Next, you ask: "Does the Office of Vital Statistics have an obligation to notify the coroner of a death when the certificate was signed by a physician other than a coroner or deputy coroner and the cause of death, according to the World Health Organization (W.H.O.) coding rules, seems to be due to a condition other than natural even if the manner of death has been marked natural. For example, a physician may indicate natural for the manner of death and indicate the underlying cause of death as aspiration. Aspiration, if not due to a disease condition, is considered accidental. (However, the aspiration could be natural if it relates to a disease condition.) Another example is a death certificate marked natural but the cause of death indicates drowning (this is an extreme example, but realistic)." (Emphasis added).
You state that currently the office of vital statistics sends such certificates "to the coroner even though the physician has completed the certificate and since we are not in a position to know the difference, unless noted on the certificate, we send all such certificates to the coroner even those that are due to aspiration that is related to a disease condition. Is it our responsibility, because of the way the statute is written ('....by any other person'), to question the matter or is it the responsibility of the physician to refer or not refer the matter to the coroner?"
K.S.A. 65-2416(b), as amended by L. 1993, ch. 214, sec. 11, states:
"[F]or deaths occurring on and after the effective date of this act, the state registrar shall not certify a death certificate in which the manner of death is marked other than natural unless the death certificate is signed by a district coroner."
This statute is coupled with the requirement that:
"[t]he coroner or deputy coroner of the county in which the cause of death occurred, if known, or if not known, the coroner or deputy coroner of the county in which such dead body was found, shall be notified by the physician in attendance, by any law enforcement officer by the embalmer, by any other person who is or may in the future be required to notify the coroner or by any other person." K.S.A. 1992 Supp. 22a-231, as amended by L. 1993, ch. 214, sec. 6.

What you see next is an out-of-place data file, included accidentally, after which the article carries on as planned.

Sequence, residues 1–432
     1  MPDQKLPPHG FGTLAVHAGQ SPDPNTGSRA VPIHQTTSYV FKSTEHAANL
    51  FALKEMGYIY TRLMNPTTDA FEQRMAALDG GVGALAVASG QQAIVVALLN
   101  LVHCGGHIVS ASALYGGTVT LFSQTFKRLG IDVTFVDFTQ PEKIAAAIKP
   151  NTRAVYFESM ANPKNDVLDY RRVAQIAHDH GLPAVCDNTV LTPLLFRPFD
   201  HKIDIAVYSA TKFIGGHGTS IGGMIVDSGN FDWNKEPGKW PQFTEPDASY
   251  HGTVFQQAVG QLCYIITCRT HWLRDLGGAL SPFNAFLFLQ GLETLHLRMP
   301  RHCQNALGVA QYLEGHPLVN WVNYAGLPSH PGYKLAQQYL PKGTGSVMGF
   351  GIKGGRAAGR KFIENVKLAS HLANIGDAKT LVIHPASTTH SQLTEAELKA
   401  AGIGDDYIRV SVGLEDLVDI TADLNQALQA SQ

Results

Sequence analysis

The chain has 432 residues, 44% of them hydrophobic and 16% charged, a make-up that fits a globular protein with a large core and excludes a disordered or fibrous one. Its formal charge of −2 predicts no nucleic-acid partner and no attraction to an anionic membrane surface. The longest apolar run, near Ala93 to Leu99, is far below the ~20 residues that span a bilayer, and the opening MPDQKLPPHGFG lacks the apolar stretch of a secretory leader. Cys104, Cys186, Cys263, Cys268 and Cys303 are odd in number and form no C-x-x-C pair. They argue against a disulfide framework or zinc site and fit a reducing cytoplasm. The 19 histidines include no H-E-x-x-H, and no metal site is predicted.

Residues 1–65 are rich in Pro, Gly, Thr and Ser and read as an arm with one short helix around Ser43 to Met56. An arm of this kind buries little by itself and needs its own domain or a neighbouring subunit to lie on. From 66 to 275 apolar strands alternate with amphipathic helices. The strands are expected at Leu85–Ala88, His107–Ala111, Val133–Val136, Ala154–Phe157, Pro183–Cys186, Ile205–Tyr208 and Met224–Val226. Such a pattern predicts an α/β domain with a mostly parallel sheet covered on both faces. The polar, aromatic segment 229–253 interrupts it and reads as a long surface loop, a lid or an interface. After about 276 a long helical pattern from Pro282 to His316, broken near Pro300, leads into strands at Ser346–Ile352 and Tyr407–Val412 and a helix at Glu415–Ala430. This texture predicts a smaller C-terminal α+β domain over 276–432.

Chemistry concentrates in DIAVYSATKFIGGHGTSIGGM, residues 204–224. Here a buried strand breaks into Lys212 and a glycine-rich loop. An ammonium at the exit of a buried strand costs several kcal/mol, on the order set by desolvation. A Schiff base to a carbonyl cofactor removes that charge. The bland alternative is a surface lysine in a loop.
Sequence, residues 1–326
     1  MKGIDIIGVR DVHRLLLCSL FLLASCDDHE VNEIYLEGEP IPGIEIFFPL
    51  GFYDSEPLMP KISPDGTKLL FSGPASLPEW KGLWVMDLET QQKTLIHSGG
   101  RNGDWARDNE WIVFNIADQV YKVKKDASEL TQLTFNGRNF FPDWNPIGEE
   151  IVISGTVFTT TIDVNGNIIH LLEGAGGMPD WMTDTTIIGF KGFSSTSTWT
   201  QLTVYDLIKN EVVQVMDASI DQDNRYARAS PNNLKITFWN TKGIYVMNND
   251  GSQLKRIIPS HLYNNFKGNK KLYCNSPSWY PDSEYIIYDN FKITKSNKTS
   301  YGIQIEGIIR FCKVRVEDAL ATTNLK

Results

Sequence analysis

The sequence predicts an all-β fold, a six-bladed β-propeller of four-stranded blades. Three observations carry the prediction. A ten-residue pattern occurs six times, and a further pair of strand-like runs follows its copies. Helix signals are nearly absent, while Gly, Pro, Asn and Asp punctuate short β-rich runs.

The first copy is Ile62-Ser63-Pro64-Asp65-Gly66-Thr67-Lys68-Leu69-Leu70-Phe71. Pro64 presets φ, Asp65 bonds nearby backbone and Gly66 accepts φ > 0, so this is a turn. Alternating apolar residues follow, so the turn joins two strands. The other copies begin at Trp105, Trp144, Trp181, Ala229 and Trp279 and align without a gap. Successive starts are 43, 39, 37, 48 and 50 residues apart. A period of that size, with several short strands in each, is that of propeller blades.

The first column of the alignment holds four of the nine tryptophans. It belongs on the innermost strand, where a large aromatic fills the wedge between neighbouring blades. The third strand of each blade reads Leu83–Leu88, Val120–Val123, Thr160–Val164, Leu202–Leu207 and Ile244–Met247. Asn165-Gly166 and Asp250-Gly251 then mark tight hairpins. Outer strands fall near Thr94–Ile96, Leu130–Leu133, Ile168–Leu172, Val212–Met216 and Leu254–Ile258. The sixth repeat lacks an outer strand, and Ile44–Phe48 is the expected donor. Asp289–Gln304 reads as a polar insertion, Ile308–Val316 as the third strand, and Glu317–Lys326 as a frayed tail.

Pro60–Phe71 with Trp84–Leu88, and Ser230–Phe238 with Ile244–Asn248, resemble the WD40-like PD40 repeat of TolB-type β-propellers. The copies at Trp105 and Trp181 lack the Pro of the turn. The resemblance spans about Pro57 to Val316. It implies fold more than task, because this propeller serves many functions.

According to K.S.A. 65-2416(b) the registrar has no duty to investigate the validity of whether someone died from natural causes. The crux of the question is based on the phrase in K.S.A. 1992 Supp. 22a-231, as amended by L. 1993, ch. 214, sec. 6. The legislative history is silent as to the purpose the phrase "or by any other person" was to accomplish. Based on research of the powers and duties of the state registrar and the office of vital statistics, we can find no authority for the office to send a death certificate to the coroner if the death is marked as natural. We can understand the dilemma caused by receipt of a death certificate that states that the death was natural, but describes the cause as a condition which is not natural according to the world health organization coding rules. However, it appears that the duty is on the physician in such instances to decide whether or not to refer such matter to the coroner.